Problem#2 - Switzerland's electric sockets are not compatible with the rest of Europe's - the UK's are different again. Adaptors are on sale - outside the security cordon. So there's a queue to buy the adaptor and another to get back into the summit.

Problem#3 - The wi-fi network is free, according to the media centre's information desk - but it isn't working. Try the wired LAN. Which isn't working either. "We don't know anything about computers here," says a lady, politely. "Why don't you phone technical support?"

Problem#4 - Technical support is dealing with overload by picking up the phone and slamming it straight back down. Persistence pays and only 4 (international) calls later, a man answers. "There's only two of us and we have to set up computers for the whole summit. The LAN may not be working, but I don't have time to help you. Why not call back tomorrow?"

Problem#5 - A breakthrough! Wi-fi isn't working, because wi-fi isn't free! It's only 200 swiss francs (170 US dollars or so)! And the cards are sold... outside the summit perimeter. So... there's a queue to buy the card... and another to get back into the summit.

Apparently, the final straw for the poor fellow was when he overheard the woman selling the cards telling the man in front of him that the wireless network wasn't working very well. "But it's not our problem. If you're unhappy, call Swisscom."

Steven is not expected to make a recovery. Please feel free to add any messages of sympathy for him - or his 9 now-destitute children - in the comments below...
David Steven @ 05:41 PM | Comments (3) | TrackBack
Ironic! The Daily Summit is currently sitting in a World Electronic Media Forum envelope event where we are all waiting with bated breath for Kofi Annan, the Secretary General of the United Nations to address the room of distinguished guests and media.

They have just shown a video featuring Finland and Honduras as extremes of the digital divide, and what difference information technology can make to people's lives. When Christine Ockrent, one of France's most famous presenters, then cued in a live video link discussion from Venezuela - to demonstrate the wonders of technology - the line went down... and with it three disappointed faces in Caracas.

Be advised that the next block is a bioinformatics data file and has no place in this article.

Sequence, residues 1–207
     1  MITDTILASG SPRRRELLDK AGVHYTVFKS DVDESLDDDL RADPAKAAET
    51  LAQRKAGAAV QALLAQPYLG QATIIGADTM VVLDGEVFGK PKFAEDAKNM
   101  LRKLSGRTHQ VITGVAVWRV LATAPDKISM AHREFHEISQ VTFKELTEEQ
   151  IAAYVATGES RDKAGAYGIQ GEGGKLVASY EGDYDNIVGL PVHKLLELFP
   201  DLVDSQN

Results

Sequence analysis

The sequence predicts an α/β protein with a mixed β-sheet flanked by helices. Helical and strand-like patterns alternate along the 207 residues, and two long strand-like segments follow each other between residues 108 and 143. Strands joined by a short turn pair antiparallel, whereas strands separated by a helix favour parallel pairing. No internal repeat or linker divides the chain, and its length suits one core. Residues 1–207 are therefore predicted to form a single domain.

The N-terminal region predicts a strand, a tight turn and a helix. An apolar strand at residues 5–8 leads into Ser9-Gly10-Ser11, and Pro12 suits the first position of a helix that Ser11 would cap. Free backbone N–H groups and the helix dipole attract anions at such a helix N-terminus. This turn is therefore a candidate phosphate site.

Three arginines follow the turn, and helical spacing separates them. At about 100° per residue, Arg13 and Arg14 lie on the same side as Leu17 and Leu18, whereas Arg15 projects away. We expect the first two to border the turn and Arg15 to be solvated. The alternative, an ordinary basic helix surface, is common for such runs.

Cara Swift @ 01:59 PM | Comments (1)
Aboard the Marie Celeste. Granted, some of the meetings advertised here seem boring, but you would have thought that the speakers would turn up, at least. Not so, according to one exasperated volunteer standing outside the Labour and Information Society meeting. "Speakers haven't been turning up to about 25 per cent of the meetings," she said. "I think it's because they are having trouble getting through registration. Hopefully it will be better tomorrow."

With queues getting longer by the minute, we think this is optimistic.

Speakerless meetings (no speaker turning up within half an hour of the scheduled start) have so far included:
Labour and Information Society
Software Libre para una Sociedad del Conoc Igualitaria y Multicultural

Anyone wanting to name and shame meetings that bear a passing resemblance to the Marie Celeste should comment below....
Jack Malvern @ 01:33 PM | Comments (0)
Gun count after 30 minutes at WSIS? Already in the dozens due to the various heavies, soldiers in full camouflage (not sure where they expect to find any trees in the sprawling concrete venue), and armed police.

Even as you approach the building armed guards peer down from the roof. And queues snake back from ranks of full body and bag scanners.

Erin Dean @ 11:46 AM | Comments (3)
Arrival! The Daily Summit team has made it to Geneva! Given that the conference doesn't really get going until Wednesday, registration is pretty easy, right now, but give it a couple of hours and I think the queues may get a little out of hand. The Wi-Fi connections are working - more to follow on this - and I confidently predict that 'delegate using WI-FI laptop' will be the most popular snapshot of the summit. Our team has already been snapped twice by Japanese photographers..

Aaron Scullion @ 11:19 AM | Comments (0)

December 08, 2003

Information? Society. We don't mean to go on, but the key summit documents still haven't been updated on the WSIS website, after the weekend's key negotiations - despite our calls and emails to the press office..